In a post on logic, Poythress speaks of the extent of ‘all’.1
Sometimes arguments that appear to be logically valid turn out to be invalid on closer inspection. An example would be: All (human beings) have sinned (Rom. 3:23); Jesus is a human being (1 Tim. 2:5); therefore Jesus has sinned. The logic here appears valid.
But a major rule of logic is that for such a syllogism to be valid the quantifier (“all” in this case) must include the objects to which the conclusion is applied.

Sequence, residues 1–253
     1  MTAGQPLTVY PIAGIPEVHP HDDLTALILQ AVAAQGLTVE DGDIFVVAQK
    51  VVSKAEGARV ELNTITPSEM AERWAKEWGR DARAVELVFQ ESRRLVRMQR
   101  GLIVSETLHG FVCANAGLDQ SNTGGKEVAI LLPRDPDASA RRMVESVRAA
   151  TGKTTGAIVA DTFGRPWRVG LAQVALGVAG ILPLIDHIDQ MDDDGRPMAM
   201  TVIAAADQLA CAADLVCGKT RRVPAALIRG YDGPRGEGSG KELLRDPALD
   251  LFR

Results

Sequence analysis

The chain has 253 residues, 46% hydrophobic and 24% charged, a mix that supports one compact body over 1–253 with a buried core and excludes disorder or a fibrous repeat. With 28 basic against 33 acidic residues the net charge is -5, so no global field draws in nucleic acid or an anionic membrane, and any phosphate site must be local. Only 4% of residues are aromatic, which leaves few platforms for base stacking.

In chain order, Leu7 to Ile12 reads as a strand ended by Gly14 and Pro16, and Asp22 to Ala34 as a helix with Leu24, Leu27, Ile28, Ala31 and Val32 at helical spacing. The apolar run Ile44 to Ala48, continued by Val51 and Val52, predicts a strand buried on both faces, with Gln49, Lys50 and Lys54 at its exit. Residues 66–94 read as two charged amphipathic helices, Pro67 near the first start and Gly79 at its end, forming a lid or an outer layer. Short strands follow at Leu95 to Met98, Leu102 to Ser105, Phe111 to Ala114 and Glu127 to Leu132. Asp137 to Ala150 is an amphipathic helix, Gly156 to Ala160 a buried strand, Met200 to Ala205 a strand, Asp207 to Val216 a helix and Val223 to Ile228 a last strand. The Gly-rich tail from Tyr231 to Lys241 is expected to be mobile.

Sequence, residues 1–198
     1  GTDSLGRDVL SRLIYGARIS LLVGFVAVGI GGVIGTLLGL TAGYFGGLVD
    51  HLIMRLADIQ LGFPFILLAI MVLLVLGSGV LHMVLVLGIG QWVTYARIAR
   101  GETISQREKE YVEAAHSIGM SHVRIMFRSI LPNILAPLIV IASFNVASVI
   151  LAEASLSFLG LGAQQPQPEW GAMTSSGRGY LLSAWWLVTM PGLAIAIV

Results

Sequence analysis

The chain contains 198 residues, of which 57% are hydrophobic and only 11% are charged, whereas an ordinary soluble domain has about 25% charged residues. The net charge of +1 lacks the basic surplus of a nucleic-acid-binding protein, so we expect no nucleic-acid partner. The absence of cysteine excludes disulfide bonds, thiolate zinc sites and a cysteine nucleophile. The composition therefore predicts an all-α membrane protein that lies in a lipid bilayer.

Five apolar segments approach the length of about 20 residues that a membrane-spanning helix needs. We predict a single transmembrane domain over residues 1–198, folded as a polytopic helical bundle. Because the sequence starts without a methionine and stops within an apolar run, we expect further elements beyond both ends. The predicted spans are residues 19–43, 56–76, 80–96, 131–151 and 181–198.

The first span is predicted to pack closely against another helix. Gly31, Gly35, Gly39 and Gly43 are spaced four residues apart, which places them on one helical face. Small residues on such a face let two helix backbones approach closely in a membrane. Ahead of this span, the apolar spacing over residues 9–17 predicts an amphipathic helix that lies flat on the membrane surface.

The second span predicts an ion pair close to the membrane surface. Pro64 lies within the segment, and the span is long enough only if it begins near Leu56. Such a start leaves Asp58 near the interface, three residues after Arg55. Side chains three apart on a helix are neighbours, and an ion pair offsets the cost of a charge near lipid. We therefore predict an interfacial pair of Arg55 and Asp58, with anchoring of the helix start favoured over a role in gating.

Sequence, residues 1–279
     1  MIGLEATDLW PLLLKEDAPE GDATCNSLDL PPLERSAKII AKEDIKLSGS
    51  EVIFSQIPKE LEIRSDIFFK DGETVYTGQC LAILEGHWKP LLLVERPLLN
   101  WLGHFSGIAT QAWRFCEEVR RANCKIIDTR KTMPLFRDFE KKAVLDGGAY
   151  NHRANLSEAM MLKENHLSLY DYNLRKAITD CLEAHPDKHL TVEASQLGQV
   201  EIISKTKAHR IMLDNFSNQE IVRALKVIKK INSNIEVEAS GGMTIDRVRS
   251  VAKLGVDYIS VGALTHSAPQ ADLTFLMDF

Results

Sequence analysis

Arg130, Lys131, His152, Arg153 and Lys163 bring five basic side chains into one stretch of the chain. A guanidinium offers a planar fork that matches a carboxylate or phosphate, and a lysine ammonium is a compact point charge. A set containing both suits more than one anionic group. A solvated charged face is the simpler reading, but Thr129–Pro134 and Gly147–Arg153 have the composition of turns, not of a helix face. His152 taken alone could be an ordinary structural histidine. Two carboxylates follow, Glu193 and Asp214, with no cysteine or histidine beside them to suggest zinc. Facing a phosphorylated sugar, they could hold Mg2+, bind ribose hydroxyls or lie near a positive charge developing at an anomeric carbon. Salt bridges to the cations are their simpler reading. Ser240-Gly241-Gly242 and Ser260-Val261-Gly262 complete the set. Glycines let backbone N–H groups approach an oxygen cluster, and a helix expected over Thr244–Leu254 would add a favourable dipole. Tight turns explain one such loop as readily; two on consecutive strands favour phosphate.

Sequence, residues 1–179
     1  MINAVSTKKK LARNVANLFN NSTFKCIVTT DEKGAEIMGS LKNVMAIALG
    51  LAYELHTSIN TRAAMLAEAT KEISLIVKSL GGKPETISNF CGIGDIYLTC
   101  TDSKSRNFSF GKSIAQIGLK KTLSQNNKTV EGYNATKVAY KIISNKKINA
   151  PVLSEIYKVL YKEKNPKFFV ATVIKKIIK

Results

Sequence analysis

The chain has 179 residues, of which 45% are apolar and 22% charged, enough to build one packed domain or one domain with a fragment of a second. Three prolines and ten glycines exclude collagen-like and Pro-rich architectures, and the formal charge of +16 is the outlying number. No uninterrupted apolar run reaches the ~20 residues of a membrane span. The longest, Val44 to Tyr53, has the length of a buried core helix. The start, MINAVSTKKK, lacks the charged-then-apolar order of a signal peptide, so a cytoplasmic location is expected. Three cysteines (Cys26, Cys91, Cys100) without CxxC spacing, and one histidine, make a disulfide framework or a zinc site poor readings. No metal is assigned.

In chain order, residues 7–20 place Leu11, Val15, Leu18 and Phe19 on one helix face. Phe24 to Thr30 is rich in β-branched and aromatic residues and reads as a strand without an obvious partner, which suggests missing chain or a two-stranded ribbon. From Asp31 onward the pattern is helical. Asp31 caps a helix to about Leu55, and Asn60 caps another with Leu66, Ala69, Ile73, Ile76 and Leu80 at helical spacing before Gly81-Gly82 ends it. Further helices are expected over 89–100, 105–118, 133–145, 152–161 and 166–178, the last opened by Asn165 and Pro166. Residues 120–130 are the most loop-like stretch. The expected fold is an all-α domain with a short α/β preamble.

In this example, it is clear that Paul was not thinking of Jesus when he wrote that “all have sinned,” nor did he mean to deny the sinlessness of Christ, which he affirms in 2 Cor. 5:21 with other New Testament writers (John 8:46, Heb. 4:15, 7:26, 1 Pet. 2:22, 1 John 3:5).
Here “all” does not have the universal force it needs to have, to make the syllogism valid.
This distinction probably could be brought up in reference to John 3:16, the extent of the ‘world’